In 1891 Adam and Sara Liebenstein Wald built this stone home.
Adam Wald was born in Krojanke, Germany on December 6, 1853. He was the son of Abraham and Hannah, and the brother of Louis, David, and Bertha. The family came to Quincy, Illinois in 1866. When Adam was nineteen, he went into the dry goods business with his brothers in Louisiana, MO. Adam and Sarah Liebenstein were married on April 17, 1888. Sarah was eighteen and Adam was thirty-four years old. They had one daughter, Hilda, who was born on January 21, 1889. The Walds were a Jewish family and they, along with several other families in town, rented out the Masonic Temple hall on Friday nights for worship.
In 1891, the Walds planned to build three identical houses next to each other on Third Street at a cost of approximately $2,000 each per the Louisiana Press Journal dated May 8, 1891. The final cost of the homes was over double at $4,250 each per the April 1892 Louisiana Press Journal article listing all of the building and improvements made in Louisiana in 1891.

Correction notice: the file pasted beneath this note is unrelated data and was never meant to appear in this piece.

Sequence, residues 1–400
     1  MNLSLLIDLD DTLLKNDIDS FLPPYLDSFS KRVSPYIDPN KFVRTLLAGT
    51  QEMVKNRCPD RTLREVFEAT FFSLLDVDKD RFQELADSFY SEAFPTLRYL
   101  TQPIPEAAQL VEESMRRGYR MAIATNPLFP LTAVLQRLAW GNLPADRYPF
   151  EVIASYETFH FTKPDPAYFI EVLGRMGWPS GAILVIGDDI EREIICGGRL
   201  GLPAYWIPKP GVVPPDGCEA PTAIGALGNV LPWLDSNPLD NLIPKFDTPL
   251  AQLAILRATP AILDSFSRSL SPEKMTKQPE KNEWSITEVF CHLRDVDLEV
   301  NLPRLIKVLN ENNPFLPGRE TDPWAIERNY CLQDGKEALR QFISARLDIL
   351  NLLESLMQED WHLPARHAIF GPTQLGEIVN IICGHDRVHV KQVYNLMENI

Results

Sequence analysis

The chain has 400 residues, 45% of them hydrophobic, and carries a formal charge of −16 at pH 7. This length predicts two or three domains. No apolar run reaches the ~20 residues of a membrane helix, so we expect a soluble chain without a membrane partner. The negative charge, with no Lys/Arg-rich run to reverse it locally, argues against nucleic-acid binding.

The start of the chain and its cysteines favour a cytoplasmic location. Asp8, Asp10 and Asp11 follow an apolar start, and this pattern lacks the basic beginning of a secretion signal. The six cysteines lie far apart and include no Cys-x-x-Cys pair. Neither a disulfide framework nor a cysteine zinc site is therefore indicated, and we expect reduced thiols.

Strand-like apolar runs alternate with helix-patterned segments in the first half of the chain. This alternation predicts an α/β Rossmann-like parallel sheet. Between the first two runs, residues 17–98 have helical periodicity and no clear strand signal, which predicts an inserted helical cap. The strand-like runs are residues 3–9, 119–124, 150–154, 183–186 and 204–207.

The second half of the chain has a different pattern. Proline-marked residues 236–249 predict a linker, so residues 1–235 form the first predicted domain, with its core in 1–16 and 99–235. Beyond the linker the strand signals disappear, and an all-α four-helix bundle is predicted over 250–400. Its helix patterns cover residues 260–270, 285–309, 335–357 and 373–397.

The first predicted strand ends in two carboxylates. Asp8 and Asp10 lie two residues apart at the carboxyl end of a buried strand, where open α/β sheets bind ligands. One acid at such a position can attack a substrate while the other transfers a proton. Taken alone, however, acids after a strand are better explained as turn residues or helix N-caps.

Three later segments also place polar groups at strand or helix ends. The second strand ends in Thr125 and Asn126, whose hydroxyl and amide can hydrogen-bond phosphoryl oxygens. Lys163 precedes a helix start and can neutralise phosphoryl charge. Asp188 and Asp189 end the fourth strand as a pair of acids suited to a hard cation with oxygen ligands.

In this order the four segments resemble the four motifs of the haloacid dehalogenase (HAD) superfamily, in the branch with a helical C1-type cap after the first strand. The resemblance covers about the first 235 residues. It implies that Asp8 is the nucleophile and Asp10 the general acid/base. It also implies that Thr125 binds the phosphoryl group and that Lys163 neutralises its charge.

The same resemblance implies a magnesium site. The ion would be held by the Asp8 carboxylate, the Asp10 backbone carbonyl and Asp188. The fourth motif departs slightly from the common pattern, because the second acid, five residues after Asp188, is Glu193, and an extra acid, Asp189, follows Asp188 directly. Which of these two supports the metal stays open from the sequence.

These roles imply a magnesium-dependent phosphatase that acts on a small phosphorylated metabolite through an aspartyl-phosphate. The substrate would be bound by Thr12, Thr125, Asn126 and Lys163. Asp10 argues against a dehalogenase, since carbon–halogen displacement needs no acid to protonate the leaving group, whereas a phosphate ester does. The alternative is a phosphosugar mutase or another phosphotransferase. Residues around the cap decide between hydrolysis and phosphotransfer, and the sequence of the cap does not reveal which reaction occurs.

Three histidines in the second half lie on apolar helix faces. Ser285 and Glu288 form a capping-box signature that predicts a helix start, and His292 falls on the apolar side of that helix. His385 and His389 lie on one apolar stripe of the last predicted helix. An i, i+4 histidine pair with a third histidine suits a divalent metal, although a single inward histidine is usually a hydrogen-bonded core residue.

The Wald family owned a large general store where they sold groceries as well as clothing. They had a large business that occupied three storefronts on the corner of Third and Main Street. Their chief competition was the store owned by the Michael family. This story, told by Sarah Wald, demonstrates this rivalry between the Michael family and the Wald family:
” … The fathers were keener competitors than their children. This was especially evident on Friday mornings, when the elder Mr. Michael and the elder Mr. Wald raced to market to buy fish. My father-in-law had the advantage because he lived a block closer. Mr. Michael limped. Each made his way rapidly down the street intent upon getting there first. They had always been vying with each other and they continued to even in such small matters.” 1
Adam Wald was part owner of the Wald Bros. business, but he also dealt in grain, wool, hides, and anything else he could get from local farmers wanted to sell to him. William Jennings Bryan once visited Louisiana and had a dinner meeting with Louisiana democrats in the Wald’s home. In the December of 1900, Adam came down with pneumonia. He died on January 1, 1901 and was buried in the Jewish cemetery outside of town. 2
Interior photos of 215 North Third Street